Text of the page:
For instance, without understanding, a general procurement officer may negotiate a 50% discount on frame relay and MPLS network elements within a telecom contract. This is only one of many potential products and clauses within a telecom contract and it looks impressive in isolation. But in reality, the costs for this much bandwidth could be 90% – 99% lower than the original contract stated. So, in reality, the procurement officer has agreed to paying 5x – 50x MORE than they should because of a lack of knowledge of how to buy modern technology. These examples exist across telecom, network, mobility, cloud infrastructure as a service, software as a service, API usage, and even with on-premises data centers at this point, leading to the need for subject-matter specific IT consumption management expertise.
Discounts without context are a lazy way to manage IT procurement.
Second, for IT investments to be effective, companies must treat new technology purchases as product launches. Just as new products require a communications, marketing, and support plan, each new IT service requires similar support. Corporate communications is not typically a core competency in IT departments, meaning that IT needs to reach out to marketing and product departments to get help on best practices. Otherwise, IT risks poor technology consumption even after choosing the right vendor at the right price with the right technical capabilities aligned perfectly to the company’s needs.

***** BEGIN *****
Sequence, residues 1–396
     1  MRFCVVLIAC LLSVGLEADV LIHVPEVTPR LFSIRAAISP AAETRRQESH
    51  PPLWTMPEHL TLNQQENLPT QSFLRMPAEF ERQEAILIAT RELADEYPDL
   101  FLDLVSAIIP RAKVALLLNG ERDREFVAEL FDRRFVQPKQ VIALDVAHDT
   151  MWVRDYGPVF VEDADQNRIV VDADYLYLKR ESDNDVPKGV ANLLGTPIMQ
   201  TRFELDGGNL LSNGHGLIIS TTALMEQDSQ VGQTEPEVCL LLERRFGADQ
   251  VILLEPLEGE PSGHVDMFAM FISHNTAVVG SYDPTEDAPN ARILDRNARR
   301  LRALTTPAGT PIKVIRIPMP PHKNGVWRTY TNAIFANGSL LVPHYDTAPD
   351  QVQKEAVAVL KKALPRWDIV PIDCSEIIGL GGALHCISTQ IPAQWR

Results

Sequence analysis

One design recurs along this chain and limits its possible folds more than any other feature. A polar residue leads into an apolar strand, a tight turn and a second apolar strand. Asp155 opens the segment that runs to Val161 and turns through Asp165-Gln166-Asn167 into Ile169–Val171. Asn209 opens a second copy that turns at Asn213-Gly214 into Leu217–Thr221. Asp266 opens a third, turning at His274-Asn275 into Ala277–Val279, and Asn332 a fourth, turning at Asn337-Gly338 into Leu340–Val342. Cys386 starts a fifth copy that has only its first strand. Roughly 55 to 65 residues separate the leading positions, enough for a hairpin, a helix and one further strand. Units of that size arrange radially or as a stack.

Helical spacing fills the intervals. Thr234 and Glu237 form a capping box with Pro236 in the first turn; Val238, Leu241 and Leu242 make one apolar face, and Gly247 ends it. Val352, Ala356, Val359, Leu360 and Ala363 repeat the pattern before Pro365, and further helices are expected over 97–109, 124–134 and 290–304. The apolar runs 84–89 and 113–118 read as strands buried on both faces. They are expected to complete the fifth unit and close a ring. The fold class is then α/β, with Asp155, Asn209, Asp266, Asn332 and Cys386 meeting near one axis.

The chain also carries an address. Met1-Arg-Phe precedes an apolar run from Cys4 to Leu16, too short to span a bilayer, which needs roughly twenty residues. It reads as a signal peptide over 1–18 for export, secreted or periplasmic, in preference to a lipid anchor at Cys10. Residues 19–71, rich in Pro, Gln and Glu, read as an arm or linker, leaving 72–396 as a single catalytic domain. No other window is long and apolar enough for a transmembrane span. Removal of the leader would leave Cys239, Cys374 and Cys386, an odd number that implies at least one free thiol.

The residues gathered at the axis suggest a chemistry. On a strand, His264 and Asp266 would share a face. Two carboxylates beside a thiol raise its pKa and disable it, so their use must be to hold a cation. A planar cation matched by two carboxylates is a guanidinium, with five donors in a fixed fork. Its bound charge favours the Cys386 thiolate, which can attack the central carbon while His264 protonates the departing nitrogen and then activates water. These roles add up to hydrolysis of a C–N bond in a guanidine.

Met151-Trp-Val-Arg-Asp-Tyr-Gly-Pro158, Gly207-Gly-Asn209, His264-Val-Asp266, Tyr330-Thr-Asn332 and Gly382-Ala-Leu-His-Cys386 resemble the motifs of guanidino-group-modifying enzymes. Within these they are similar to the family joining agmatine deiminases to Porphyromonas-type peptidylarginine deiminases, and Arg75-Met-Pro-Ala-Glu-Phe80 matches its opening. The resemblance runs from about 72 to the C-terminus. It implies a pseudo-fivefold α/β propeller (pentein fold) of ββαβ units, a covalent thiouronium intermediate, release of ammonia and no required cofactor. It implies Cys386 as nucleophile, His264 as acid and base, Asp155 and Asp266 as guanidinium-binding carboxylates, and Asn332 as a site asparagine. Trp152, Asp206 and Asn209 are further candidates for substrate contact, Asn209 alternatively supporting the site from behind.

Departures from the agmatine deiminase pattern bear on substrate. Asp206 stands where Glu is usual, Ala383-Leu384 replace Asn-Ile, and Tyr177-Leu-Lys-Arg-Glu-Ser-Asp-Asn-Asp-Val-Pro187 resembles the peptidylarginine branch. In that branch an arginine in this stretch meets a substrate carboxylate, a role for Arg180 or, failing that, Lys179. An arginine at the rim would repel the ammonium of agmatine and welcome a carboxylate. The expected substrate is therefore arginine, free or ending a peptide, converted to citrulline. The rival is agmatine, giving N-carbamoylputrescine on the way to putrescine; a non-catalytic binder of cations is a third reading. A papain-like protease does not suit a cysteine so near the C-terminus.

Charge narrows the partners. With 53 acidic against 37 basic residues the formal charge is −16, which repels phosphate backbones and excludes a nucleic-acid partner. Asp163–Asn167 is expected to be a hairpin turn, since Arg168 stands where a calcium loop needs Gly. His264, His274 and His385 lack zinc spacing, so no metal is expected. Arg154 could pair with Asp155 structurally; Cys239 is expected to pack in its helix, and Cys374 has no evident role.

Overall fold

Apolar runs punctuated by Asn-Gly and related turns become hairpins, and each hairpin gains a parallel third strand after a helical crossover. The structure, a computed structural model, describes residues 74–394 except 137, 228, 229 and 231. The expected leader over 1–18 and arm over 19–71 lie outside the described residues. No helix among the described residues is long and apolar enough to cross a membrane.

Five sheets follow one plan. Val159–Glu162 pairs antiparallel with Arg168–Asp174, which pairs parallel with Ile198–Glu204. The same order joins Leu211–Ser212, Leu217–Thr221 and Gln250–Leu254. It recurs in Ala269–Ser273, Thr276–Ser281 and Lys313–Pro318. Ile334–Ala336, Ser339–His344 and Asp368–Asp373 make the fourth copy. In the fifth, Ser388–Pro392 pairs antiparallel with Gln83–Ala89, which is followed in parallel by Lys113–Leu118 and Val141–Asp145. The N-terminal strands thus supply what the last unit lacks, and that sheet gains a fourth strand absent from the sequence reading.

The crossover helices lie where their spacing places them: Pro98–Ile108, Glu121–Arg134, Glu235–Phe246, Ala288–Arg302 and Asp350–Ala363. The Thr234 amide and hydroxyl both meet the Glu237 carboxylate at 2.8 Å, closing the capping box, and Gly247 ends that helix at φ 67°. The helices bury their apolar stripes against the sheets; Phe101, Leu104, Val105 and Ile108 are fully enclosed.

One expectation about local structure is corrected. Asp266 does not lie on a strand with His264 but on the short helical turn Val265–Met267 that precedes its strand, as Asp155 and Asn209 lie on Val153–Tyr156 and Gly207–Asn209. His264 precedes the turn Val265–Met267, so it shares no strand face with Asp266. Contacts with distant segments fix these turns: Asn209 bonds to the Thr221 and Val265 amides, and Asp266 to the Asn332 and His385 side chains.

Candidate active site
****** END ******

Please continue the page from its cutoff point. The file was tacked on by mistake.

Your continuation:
Just because businesses plan and contract for a certain level of IT consumption management doesn’t mean that it will actually happen. The days of “Build it and they will come” are few and far between. The good news is that in IT, the customer base is typically captive and consists of current employees, partners, and customers who have clearly defined goals and intentions. Nobody needs to guess, for instance, why a pricing analyst would be interested in the total cost of production for a particular product or service. Work with Marketing, Corporate Communications, and Learning & Development colleagues on launching key IT services, both to maximize usage and to get credit for IT’s contribution to the business’ success.